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Current as of 19/09/14 06:00AM NZST

Owen Hembry

Business news editor of the New Zealand Herald

Air NZ big buy equals cheap fares

Air NZ chief executive Rob Fyfe says the new-generation ATR 72-600 is the most efficient aircraft in its class. Photo / Natalie Slade
Air NZ chief executive Rob Fyfe says the new-generation ATR 72-600 is the most efficient aircraft in its class. Photo / Natalie Slade

Air New Zealand's $340 million spend-up on up to 12 new aircraft should mean more cheap seats for travellers to regional centres, chief executive Rob Fyfe says.

The company yesterday announced it would buy seven of the new ATR72-600 planes, with an option for an additional five.

The new 68-seat planes would add about two million seats a year to the domestic market and would significantly boost regional connections, he said.

"As we deploy new aircraft and we grow the number of seats we expect to see that grow the number of cheap fares available into the provincial destinations and the growth of Grabaseat fares in particular."

It would also mean a big increase in the number of seats timed for business travellers, he said. Regional passenger numbers had increased by an average 5.6 per cent annually since 2003, resulting in Air NZ's regional airlines carrying 54 per cent more passengers to a total of 4.3 million in the year ended September, Fyfe said.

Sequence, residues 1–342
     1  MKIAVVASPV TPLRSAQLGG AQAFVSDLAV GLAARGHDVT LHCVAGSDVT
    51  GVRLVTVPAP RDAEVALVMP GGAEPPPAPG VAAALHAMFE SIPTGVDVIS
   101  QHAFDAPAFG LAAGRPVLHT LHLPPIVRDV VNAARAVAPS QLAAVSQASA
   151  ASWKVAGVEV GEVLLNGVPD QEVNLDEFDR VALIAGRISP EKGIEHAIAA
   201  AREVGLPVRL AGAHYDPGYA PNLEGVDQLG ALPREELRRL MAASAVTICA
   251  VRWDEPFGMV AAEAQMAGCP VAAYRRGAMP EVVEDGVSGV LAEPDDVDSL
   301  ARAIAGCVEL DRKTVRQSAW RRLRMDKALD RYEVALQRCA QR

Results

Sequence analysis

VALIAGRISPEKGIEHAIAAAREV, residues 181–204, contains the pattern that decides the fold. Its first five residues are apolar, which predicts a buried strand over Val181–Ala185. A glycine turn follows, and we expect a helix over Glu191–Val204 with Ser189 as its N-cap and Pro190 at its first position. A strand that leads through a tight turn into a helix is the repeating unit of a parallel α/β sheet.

Air New Zealand currently owns 11 ATR72-500s.

The first of the new turbo-prop aircraft will be delivered in October next year followed by a second in December. Two will arrive in 2013 and another each year for three years.

Fyfe said the new-generation ATR 72-600 was the most efficient aircraft in its class and featured a new cabin layout with larger overhead bins, improved seating and advanced cockpit.

Air NZ's ability to maintain services during bad weather to and from destinations like Queenstown, Rotorua and Wellington will improve with the better navigation technology.

Air NZ's Australasia Airline general manager, Bruce Parton, said the new plane gave it the means to expand routes such as Nelson-Auckland and New Plymouth-Auckland, now serviced by smaller Q300 planes.

This in turn, would release Q300 aircraft to fly on some routes which now operate 19-seat Beech 1900D planes. That could mean more seats for destinations such as Taupo and Tauranga and could also enable the airline to look at new "start-up" routes.

"So there is benefit in bringing in the larger turbo-props and cascading growth down throughout our regional operation," he said.

Parton said it was likely the new fleet would be based in Auckland. "By making this an Auckland-based fleet what we believe is that this will tap in very well into the fast-growing Auckland customer base that is really starting to spread its wings across regional New Zealand.

"This is all growth, this is not replacing any of our aircraft ... so whether it's cabin crew, whether it's pilots, whether it's ground staff or whether it's maintenance staff, this is all positive news."

ATR 72 600

68-74 seats passenger capacity.

2750 horsepower per engine maximum power at take-off.

23,000kg maximum weight at take-off.

899 nautical miles (1665km) maximum range.

ATR

* Aircraft maker formed in 1981.

* Joint venture between Alenia Aeronautica and EADS.

* Headquarters in Toulouse, France.

- NZ Herald

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